Marketers have a gentle name for it. They call it the Johnson County Gateway.
By BRAD COOPER
The Kansas City Star
Drivers have another name for it one that evokes images of traffic jams.
We kind of jokingly refer to it as Kansas answer to the Grandview Triangle, said Olathe commuter Brent Boydston.
Boydston thinks the interchange at I-35, I-435 and Kansas 10 needs an overhaul.
We need to fix it, he says.
The good news is that the Kansas highway department is about to complete the roughly $11 million first phase of a massive project to rebuild the interchange.
By mid-December, highway crews are expected to finish adding two lanes in each direction on I-35 from 119th Street in Olathe to the I-435/I-35/K-10 interchange.
Anybody who drives through the interchange knows they can count on delays most every day, especially if the morning sun is hindering drivers views.
In the morning, drivers heading north out of Olathe back up as they merge into eastbound I-435. The I-435 backups lead to traffic jams for eastbound drivers on K-10. And in the afternoon, westbound I-435 drivers routinely back up trying to cross an expansive flyover ramp to get to southbound I-35.
It adds up to a bumper-to-bumper driving experience for the thousands of drivers trying to get back and forth from growing areas in the southwest part of Johnson County.
The two new southbound lanes are intended to help break up traffic jams as drivers pour into southbound I-35 on a single lane from eastbound and westbound I-435.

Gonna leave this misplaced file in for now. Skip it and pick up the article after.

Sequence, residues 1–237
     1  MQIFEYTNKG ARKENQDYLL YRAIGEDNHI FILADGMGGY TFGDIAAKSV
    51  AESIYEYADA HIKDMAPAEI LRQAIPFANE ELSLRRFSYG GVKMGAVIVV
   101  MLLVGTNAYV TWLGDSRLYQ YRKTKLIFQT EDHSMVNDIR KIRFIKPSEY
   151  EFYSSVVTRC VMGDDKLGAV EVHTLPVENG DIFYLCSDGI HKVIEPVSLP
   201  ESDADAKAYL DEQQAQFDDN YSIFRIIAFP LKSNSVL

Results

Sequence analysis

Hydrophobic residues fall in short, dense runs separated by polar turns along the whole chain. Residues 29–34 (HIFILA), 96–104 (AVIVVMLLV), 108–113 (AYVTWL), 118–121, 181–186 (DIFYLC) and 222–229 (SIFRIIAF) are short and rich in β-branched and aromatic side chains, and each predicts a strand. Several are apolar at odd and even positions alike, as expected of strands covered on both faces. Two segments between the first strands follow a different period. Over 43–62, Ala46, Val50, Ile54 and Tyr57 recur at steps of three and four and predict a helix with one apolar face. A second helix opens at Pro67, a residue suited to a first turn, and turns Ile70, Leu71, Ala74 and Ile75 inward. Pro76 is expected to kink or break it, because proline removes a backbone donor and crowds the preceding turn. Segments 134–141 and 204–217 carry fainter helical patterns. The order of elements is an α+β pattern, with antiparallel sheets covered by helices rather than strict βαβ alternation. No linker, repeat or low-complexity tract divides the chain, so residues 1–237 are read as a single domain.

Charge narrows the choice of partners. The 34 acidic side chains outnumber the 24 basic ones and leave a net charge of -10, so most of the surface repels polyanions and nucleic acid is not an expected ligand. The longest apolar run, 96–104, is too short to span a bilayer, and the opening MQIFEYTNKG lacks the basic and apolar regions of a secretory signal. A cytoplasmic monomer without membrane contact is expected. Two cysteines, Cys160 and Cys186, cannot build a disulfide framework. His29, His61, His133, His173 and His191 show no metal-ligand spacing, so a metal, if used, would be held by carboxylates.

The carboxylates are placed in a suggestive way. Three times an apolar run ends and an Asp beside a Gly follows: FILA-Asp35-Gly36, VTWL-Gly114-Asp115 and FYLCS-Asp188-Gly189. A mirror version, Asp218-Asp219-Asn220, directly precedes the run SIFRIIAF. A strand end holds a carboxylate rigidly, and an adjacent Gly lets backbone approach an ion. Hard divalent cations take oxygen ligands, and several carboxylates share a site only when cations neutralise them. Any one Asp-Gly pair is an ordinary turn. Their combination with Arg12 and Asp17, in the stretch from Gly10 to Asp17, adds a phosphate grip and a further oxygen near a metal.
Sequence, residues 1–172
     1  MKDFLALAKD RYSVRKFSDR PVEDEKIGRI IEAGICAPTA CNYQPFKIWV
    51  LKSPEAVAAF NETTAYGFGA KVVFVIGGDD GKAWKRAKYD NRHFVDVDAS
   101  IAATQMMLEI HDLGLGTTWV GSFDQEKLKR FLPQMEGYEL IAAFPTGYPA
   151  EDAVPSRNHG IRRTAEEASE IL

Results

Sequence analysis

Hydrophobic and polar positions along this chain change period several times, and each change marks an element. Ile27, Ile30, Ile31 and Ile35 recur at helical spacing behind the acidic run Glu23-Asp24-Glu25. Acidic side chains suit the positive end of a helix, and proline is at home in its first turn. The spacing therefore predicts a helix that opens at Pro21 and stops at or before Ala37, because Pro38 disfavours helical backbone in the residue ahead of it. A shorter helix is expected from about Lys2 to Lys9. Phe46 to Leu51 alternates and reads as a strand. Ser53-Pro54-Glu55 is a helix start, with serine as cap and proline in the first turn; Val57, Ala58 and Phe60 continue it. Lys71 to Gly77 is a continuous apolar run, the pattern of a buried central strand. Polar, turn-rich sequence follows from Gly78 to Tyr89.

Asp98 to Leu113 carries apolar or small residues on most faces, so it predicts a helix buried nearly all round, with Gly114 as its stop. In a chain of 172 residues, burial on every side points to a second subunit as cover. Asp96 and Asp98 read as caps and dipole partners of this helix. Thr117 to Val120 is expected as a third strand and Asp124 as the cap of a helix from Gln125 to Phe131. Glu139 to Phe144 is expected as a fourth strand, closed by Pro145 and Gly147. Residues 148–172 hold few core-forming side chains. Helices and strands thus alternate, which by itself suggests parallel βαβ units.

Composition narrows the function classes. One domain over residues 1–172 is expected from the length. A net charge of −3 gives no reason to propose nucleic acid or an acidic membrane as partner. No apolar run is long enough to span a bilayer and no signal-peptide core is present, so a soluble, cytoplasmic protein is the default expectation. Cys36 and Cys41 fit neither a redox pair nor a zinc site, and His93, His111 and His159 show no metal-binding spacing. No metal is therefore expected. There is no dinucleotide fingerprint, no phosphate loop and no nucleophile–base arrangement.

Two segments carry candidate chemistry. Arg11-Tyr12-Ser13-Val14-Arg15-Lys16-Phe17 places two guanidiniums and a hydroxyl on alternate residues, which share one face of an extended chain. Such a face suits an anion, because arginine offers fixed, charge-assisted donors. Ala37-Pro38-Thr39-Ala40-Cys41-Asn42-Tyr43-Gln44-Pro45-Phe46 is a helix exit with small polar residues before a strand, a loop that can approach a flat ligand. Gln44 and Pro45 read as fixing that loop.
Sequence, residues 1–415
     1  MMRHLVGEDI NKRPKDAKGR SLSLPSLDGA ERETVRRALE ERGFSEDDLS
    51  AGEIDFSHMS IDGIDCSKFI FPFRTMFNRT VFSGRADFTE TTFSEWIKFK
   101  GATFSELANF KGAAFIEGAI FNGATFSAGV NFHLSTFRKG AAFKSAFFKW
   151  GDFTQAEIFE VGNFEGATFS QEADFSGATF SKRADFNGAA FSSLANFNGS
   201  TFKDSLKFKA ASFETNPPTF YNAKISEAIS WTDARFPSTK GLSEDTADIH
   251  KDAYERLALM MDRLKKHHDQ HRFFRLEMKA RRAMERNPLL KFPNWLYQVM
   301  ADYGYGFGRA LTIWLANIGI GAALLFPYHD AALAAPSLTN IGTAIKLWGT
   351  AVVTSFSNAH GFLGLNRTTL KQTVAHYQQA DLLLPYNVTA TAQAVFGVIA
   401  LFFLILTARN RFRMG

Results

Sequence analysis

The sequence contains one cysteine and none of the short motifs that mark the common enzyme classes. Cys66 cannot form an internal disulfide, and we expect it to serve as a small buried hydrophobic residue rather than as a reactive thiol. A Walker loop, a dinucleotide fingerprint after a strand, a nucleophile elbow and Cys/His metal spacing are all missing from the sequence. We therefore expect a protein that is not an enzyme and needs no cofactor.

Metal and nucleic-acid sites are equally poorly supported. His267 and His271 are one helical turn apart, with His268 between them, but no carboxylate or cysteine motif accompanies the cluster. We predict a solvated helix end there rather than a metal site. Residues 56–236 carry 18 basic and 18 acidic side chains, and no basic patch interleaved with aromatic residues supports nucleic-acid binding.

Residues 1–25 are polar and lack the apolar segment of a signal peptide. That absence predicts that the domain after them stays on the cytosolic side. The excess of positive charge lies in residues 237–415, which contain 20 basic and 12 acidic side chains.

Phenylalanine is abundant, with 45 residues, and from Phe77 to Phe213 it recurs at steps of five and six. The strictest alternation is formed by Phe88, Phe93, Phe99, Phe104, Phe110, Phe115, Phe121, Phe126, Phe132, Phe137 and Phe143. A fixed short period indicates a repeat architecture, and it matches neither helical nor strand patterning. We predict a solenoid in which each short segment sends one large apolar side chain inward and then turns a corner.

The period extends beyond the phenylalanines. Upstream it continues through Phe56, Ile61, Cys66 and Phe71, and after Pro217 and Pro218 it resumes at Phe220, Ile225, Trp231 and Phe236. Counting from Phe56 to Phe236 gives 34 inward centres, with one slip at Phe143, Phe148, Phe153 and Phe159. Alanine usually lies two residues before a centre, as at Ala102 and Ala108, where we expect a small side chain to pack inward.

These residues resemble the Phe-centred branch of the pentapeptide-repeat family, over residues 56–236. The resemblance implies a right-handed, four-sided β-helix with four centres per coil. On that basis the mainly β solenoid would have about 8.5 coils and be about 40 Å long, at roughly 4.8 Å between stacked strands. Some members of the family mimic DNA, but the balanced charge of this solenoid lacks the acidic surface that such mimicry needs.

The new northbound lanes, engineers said, should give drivers more time to merge onto I-35 from 119th Street in Olathe. The northbound lanes also will give I-35 drivers more time to position themselves before exiting to the tight loop ramp to westbound I-435.
But thats just the first part of an overall project that could cost roughly $600 million by the time its completed.
The state has budgeted $250 million for the second phase of the interchange work. Money for the improvements will come from a 1-cent sales tax increase that the Legislature approved in 2010.
The goal is to relieve congestion in an interchange thats used by 230,000 vehicles a day and takes drivers about a minute more on average to use than it should during rush hour. Without any improvements, the delays at the interchange are expected to grow to 16 minutes on average by 2040.
The precise details of the project arent completely set, but could include some of these features:
• Adding two auxiliary lanes to northbound I-35 from I-435 to 95th Street.
• Building two-lane flyover ramps one from westbound I-435 to southbound I-35, and the other from eastbound I-435 to northbound I-35. The ramps there are now one lane.
• Rebuilding the south half of the Lackman Road interchange with two separate on-ramps, one directly to I-35 and one directly to I-435.
• Adding a new ramp at Ridgeview Road on K-10 that will force drivers to exit early to get to I-35 or northbound I-435. Currently, drivers make their decision to exit much closer to the interchange.
The improvements at I-35/I-435/K-10 will be integrated with another project currently under way on I-435 farther to the east.
The interchange project calls for the widening of I-435 to four lanes in each direction from U.S. 69 to I-35. It adds to the widening of I-435 that has been done in recent years from Metcalf Avenue to U.S. 69.
Construction on the second installment of the interchange project isnt expected to start until spring or summer of 2014.
To reach Brad Cooper, call 816-234-7724 or send email to email@example.com